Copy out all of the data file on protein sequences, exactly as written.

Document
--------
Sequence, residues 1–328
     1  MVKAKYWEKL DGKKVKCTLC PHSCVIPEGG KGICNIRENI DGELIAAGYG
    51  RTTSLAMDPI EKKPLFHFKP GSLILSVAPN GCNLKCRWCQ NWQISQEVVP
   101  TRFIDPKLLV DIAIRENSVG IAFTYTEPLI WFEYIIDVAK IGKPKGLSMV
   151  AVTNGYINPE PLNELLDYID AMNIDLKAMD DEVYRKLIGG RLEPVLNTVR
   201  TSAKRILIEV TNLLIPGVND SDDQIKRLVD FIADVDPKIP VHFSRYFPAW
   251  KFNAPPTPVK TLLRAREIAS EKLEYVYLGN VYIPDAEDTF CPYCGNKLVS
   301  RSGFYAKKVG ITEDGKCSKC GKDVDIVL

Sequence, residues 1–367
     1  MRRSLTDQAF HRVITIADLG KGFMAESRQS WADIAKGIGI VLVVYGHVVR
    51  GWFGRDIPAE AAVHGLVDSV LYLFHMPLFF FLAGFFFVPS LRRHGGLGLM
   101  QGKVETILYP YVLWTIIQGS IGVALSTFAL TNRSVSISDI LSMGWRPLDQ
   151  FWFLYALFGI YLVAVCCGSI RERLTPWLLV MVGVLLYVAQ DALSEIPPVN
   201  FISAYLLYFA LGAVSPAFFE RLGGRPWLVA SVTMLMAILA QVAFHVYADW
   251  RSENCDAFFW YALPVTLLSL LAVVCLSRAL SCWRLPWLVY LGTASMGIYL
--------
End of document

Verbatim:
Sequence, residues 1–328
     1  MVKAKYWEKL DGKKVKCTLC PHSCVIPEGG KGICNIRENI DGELIAAGYG
    51  RTTSLAMDPI EKKPLFHFKP GSLILSVAPN GCNLKCRWCQ NWQISQEVVP
   101  TRFIDPKLLV DIAIRENSVG IAFTYTEPLI WFEYIIDVAK IGKPKGLSMV
   151  AVTNGYINPE PLNELLDYID AMNIDLKAMD DEVYRKLIGG RLEPVLNTVR
   201  TSAKRILIEV TNLLIPGVND SDDQIKRLVD FIADVDPKIP VHFSRYFPAW
   251  KFNAPPTPVK TLLRAREIAS EKLEYVYLGN VYIPDAEDTF CPYCGNKLVS
   301  RSGFYAKKVG ITEDGKCSKC GKDVDIVL

Sequence, residues 1–367
     1  MRRSLTDQAF HRVITIADLG KGFMAESRQS WADIAKGIGI VLVVYGHVVR
    51  GWFGRDIPAE AAVHGLVDSV LYLFHMPLFF FLAGFFFVPS LRRHGGLGLM
   101  QGKVETILYP YVLWTIIQGS IGVALSTFAL TNRSVSISDI LSMGWRPLDQ
   151  FWFLYALFGI YLVAVCCGSI RERLTPWLLV MVGVLLYVAQ DALSEIPPVN
   201  FISAYLLYFA LGAVSPAFFE RLGGRPWLVA SVTMLMAILA QVAFHVYADW
   251  RSENCDAFFW YALPVTLLSL LAVVCLSRAL SCWRLPWLVY LGTASMGIYL